The long-awaited PC refresh cycle is poised to kick in, although consumer spending is still stronger than corporate spending, according to a new report from IT research firm Gartner. The firm is projecting a decent rate of growth for the worldwide PC market in 2010, and a second report shows first-quarter laptop sales are off to a good start.
Gartner projects worldwide PC shipments will reach 376.6 million units in 2010, a 22-percent increase from the 308.3 million units shipped in 2009. Total spending is expected to reach $245.4 billion in 2010, up 12 percent from 2009. The home PC market is projected to grow 29.5 percent this year, while professional PC sales will rise 13.1 percent.
“PC demand in the consumer segment continues to strengthen even though the global economy remains uncertain. Consumers are now viewing PCs as necessities rather than luxury items,” said Ranjit Atwal, principal research analyst at Gartner in a statement. “In the downturn, PCs remained the electronic device of choice on which to spend household income in mature markets, and we do not expect this to change either in 2010 or beyond.”
Atwal said aging PCs along with the adoption of Microsoft Windows 7 will spur on sales in the business space, with larger businesses beginning their replacements in the second half of 2010 and really picking up pace in 2011. Gartner expects Windows 7 migration to last through 2012.
So far, so good for mobile PCs
Gartner has already given a positive report on server sales in the first quarter, and it found that mobile PC sales are also doing well so far this year. Worldwide mobile PC shipments totaled 49.4 million units in the first quarter of 2010, a 43.4 percent increase from the first quarter of 2009. That’s the single highest year-over-year growth percentage in eight years, according to Gartner.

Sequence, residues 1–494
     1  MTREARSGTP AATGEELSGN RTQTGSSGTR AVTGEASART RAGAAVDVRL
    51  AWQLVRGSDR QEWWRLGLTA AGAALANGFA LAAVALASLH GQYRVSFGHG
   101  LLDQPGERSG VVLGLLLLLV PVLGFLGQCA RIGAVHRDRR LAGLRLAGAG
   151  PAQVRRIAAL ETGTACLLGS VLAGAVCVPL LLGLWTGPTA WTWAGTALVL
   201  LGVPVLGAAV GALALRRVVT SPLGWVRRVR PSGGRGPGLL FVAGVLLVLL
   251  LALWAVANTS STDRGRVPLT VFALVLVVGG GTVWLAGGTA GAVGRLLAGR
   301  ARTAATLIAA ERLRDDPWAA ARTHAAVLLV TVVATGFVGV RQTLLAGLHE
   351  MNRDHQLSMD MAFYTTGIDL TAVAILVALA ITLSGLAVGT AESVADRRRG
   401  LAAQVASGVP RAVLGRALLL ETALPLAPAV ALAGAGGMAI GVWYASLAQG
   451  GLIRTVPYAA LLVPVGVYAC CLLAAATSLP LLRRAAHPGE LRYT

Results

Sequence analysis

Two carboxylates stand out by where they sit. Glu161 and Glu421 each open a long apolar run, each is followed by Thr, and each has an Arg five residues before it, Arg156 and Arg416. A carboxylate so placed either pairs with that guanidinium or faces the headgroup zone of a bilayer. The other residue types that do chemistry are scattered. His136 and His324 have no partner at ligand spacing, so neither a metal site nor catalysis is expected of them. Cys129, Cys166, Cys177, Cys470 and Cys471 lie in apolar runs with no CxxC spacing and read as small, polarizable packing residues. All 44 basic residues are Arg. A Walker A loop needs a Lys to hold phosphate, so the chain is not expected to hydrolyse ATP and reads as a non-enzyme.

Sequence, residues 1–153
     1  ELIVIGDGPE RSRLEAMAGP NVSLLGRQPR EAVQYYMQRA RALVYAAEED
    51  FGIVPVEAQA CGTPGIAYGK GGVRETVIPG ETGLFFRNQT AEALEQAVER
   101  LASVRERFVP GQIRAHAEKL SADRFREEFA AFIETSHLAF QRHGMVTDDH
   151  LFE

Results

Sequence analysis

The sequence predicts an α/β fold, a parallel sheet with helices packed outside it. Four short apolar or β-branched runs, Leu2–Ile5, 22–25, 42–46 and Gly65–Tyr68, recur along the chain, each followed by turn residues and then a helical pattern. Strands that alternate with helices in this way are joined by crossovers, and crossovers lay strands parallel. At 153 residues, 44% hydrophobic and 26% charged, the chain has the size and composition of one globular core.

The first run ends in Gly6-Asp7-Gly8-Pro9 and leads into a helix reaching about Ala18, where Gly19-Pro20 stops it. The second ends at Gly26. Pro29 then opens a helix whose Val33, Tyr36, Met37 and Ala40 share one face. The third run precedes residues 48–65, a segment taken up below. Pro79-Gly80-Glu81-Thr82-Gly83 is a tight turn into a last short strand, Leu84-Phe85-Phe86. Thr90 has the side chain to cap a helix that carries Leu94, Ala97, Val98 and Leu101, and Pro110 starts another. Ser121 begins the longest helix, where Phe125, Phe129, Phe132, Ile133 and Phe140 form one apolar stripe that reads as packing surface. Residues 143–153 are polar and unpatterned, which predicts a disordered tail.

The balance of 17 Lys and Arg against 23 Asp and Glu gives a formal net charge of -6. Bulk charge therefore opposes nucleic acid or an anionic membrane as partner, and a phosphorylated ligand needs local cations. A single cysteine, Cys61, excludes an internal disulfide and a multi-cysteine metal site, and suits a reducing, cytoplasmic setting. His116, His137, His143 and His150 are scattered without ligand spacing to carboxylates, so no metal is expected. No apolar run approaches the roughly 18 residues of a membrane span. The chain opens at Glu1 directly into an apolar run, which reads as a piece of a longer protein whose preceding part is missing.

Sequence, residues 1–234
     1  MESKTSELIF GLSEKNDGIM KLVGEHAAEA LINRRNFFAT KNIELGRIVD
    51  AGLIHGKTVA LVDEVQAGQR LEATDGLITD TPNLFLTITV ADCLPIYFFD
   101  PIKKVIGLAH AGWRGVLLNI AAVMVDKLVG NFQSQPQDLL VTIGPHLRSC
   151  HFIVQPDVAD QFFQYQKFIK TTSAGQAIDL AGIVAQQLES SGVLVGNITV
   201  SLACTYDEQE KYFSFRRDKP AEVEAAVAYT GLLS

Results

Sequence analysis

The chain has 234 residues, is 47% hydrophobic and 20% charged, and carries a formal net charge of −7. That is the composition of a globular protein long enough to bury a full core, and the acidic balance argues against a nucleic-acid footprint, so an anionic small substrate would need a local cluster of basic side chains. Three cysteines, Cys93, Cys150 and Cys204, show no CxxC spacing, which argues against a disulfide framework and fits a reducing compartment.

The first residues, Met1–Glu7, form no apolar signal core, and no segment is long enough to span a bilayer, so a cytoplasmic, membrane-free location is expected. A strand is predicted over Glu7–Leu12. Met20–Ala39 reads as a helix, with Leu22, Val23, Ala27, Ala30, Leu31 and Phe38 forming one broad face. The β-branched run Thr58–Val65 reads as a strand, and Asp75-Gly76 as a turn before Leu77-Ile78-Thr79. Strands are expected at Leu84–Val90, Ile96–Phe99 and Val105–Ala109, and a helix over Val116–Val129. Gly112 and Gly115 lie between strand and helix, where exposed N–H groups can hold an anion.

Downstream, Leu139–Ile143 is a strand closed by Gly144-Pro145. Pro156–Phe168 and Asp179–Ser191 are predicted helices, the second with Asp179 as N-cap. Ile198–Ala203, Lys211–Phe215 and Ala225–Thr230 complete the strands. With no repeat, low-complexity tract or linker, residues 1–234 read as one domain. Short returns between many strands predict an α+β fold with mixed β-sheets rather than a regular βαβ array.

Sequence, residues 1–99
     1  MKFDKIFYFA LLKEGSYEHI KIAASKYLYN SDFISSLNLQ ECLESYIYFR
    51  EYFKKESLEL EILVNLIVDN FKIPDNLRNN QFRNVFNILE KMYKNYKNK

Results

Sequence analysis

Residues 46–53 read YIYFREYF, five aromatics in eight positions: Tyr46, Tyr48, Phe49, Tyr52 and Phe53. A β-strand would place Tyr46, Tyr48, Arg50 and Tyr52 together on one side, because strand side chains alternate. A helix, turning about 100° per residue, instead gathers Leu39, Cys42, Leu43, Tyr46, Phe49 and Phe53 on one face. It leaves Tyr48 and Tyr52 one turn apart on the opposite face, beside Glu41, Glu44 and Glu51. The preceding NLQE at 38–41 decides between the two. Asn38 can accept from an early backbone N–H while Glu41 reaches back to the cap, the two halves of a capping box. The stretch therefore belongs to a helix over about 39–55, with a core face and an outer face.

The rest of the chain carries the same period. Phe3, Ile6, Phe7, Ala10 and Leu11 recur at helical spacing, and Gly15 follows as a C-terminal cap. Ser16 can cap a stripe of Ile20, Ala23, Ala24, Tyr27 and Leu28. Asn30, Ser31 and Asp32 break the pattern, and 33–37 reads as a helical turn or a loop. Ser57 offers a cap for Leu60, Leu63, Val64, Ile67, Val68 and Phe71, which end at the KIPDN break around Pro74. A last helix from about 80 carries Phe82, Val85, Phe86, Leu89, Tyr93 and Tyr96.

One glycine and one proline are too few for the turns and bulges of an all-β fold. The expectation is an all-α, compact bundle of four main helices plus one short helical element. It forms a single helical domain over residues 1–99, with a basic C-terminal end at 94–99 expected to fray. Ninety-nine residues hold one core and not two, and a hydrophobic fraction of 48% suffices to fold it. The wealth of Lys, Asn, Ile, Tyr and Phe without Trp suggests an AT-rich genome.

But it’s not entirely a fair comparison, as Q1 2009 was the depths of the recession and sales fell off a cliff. Several vendors, including Intel, AMD, Nvidia and Dell have all noted massive year-over-year gains, but it’s because they are coming off such terrible lows from 2009.
Shipments to the consumer segments continued to be the main growth driver, but there was an uptake in the professional segment. Gartner expects to see higher growth in the professional market toward the end of 2010 and into 2011 as part of a larger refresh cycle.
Mini-notebooks, or netbooks, played a big part in the growth, up 71 percent year-over-year. However, the netbook share slowed in some regions as consumers begin to realize the limitations of netbooks and also due to aggressive price cuts of regular notebooks, according to Mikako Kitagawa, principal analyst at Gartner.
“The average selling price (ASP) of mobile PCs was $732 in the first quarter of 2010, a 15.7 percent decline from the first quarter of 2009, when the ASP was $868,” Kitagawa said in a statement. “The ASP for mobile PCs is expected to stabilize as sales into the professional market will grow, resulting in slightly higher ASPs compared to consumer mobile PCs.”
Netbook outlook hazy
Netbook sales were what helped Asus and Acer show the strongest growth rate, with the two rising 113 percent and 48.4 percent, respectively. HP and Dell were below the industry average, up 23.2 percent and 33.1 percent, respectively. HP remained the top vendor, with 9.4 million units sold, while Acer was hot on its heels with 9.1 million sold.
However, the growth rate for netbooks will continue but is expected to slow in some markets as the product category matures, Gartner also said. This year, the market is still projected to grow 30 percent over 2009 sales and will account for 18.6 percent of mobile PC shipments in 2010, but their share of the total mobile PC market will steadily decline after this year, falling to 13.9 percent by 2014.
The reason for netbooks’ slide is that Gartner expects pressure on the product category from ultra-low voltage (ULV) notebooks, which offer a full Intel or AMD processor and long battery life in a very thin form factor, rather than using the less-capable Atom processor typical of netbooks today.